SPPI Test

Contractual cash flows that meet the SPPI Test are consistent with a basic lending arrangement in the banking industry.

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IFRS 9 Proper accounting for Related Company Loans

IFRS 9 Proper accounting for Related Company Loans – IFRS 9 Financial Instruments makes no distinction between unrelated third party and related party transactions. Entities that prepare stand-alone financial statements are required to apply the full provisions of the standard to all transactions within its scope.

This means related company loan receivables must be classified and measured in accordance with the requirements of IFRS 9, including where relevant, applying the Expected Credit Loss (ECL) model for impairment. IFRS 9 Proper accounting for Related Company Loans

Applying IFRS 9 to related company loans can present a number of application challenges as they are often advanced on terms that are not arms-length or sometimes advanced on an informal basis without any terms … Read more

9 Best practical Impairment related company loans

9 Best practical Impairment related company loans – What are related company loans?

Technically not the most difficult question one would think, BUT………

Entities must first consider whether the loan is within the scope of IFRS 9 or another standard. This is because IFRS 9: 2.1(a) scopes out ‘interests in subsidiaries, associates and joint ventures’ that are accounted for in accordance with IAS 27 Separate Financial Statements or IAS 28 Investments in Associates and Joint Ventures i.e. at cost less impairment or using the equity method.

In many cases, it will be clear that the loan is a Read more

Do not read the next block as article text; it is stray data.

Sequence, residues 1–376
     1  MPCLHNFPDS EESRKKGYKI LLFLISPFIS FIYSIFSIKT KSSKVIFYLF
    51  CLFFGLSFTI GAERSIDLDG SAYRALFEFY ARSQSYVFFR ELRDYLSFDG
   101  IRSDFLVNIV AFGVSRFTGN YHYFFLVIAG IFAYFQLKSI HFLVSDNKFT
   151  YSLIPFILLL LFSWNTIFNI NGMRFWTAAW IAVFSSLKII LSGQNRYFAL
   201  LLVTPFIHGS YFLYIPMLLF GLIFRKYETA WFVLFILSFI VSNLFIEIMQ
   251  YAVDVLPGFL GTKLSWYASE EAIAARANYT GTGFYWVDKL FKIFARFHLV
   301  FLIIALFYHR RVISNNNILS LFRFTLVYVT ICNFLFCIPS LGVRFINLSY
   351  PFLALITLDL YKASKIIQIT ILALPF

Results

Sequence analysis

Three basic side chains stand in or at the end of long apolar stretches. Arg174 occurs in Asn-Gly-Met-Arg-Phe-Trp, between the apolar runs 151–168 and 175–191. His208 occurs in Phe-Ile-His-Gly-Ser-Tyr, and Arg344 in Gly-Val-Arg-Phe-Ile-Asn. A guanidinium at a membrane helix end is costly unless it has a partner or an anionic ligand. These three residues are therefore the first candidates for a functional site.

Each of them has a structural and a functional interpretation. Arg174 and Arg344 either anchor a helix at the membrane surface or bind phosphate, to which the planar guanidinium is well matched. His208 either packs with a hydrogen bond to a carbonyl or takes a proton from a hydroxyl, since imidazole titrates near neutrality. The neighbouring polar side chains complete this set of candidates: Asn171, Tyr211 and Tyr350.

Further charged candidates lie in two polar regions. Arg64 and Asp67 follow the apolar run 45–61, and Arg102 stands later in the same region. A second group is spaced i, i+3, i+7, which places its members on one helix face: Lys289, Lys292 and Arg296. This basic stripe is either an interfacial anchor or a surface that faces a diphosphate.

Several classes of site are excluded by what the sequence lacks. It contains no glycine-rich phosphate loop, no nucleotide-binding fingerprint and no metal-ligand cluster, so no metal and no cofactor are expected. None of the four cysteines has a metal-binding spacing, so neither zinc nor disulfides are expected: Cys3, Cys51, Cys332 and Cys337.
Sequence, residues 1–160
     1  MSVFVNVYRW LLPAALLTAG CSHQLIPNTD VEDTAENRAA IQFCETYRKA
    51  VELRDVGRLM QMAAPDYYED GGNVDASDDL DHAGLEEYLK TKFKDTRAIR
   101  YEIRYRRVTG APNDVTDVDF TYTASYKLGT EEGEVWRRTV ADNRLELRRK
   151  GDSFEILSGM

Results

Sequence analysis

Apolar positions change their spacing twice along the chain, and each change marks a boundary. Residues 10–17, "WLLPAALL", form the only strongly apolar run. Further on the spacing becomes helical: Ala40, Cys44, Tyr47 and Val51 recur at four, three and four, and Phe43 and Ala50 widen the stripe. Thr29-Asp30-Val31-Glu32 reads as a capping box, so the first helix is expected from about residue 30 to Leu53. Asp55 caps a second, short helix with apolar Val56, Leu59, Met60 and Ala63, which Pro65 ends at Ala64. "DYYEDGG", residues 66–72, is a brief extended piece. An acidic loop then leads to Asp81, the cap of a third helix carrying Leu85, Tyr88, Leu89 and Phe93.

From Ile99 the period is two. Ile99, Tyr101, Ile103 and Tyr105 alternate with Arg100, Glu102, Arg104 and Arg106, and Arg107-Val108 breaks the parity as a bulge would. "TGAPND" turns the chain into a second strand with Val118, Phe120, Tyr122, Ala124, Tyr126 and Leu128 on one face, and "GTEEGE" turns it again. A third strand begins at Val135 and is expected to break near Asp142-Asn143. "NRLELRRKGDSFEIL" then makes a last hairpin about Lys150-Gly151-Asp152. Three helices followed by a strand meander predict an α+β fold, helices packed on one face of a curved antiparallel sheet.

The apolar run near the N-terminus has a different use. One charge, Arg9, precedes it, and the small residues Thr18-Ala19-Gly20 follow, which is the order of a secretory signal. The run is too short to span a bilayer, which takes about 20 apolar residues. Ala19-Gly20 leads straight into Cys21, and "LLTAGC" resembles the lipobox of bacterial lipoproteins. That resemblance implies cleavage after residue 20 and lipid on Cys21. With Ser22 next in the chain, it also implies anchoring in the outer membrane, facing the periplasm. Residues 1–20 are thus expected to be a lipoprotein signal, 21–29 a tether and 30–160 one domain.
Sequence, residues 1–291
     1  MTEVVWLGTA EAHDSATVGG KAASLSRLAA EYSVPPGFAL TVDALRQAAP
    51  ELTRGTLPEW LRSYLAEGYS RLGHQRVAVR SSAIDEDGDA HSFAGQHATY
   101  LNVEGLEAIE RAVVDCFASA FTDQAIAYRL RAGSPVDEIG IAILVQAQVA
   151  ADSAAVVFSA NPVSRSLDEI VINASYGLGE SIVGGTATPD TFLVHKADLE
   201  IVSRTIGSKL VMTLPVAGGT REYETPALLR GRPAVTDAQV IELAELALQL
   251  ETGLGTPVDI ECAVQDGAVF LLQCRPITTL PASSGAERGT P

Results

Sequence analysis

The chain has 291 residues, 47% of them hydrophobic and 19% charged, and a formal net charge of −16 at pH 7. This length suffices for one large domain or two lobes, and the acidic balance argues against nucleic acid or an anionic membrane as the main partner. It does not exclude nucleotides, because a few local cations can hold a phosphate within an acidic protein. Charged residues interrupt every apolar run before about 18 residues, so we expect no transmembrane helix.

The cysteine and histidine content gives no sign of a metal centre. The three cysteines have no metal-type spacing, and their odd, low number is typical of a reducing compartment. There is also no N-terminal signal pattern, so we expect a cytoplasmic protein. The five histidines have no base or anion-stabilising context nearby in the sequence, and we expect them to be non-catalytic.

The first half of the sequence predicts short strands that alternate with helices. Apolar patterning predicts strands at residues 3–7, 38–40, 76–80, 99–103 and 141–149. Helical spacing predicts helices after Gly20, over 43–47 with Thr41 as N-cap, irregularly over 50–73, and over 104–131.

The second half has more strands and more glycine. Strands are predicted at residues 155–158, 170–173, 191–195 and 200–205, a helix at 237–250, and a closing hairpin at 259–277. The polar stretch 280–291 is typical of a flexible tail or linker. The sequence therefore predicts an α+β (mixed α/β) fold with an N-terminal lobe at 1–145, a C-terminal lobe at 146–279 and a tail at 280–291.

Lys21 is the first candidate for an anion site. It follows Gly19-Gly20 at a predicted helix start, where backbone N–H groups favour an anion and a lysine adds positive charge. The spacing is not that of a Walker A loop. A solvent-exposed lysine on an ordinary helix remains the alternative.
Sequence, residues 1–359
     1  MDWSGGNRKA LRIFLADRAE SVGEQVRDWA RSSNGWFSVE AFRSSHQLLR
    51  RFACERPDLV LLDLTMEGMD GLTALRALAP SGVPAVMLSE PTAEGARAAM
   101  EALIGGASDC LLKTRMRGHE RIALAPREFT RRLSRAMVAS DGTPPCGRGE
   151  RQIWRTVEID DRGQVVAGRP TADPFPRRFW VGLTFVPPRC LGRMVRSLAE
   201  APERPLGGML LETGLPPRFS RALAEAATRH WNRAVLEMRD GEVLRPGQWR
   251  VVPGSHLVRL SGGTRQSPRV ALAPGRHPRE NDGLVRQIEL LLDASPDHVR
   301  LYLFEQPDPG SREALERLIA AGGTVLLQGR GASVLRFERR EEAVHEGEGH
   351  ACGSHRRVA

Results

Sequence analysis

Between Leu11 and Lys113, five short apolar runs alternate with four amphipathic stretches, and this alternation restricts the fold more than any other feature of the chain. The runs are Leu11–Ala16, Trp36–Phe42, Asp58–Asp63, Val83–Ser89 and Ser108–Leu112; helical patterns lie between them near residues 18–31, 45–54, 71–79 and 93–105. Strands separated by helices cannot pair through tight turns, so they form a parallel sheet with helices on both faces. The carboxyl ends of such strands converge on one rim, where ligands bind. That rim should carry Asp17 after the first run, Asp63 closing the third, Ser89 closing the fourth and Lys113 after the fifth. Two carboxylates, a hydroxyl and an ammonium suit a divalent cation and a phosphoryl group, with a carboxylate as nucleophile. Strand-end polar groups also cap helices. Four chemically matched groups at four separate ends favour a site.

Hold to collect – How 2 best account it in IFRS 9 classification of financial assets

The objective of the ‘hold to collect’ business model is to hold financial assets to collect their contractual cash flows, rather than to selling the assets

Hold to collect and sell – How 2 best account it in IFRS 9 classification of financial assets

Under the 'hold to collect and sell’ business model, the objective is to both collect the contractual cash flows and sell the financial asset for cash

IFRS 9 The Business Model Test

is a necessary condition (see IFRS 9 Classification and Measurement of Financial Instruments) for classifying a loan or receivable Read more

Other business models – How 2 best account it in IFRS 9

Other business models are all those that do not meet the ‘hold to collect’ or ‘hold to collect and sell’ criteria. Like realising cash flows through sale

Held-to-maturity financial assets Example

Held-to-maturity financial assets example have passed the SPPI test and the business model test (Held to collect), measured at amortized cost and eff. interest

The important Solely Payments of Principal and Interest Test for IFRS 9

The important Solely Payments of Principal and Interest Test

IFRS 9 The is the second necessary condition (see IFRS 9 Classification and Measurement of Financial Instruments) for classifying loans and receivables at Amortized Cost, Fair Value through Other Comprehensive Income (FVOCI), or the Fair Read more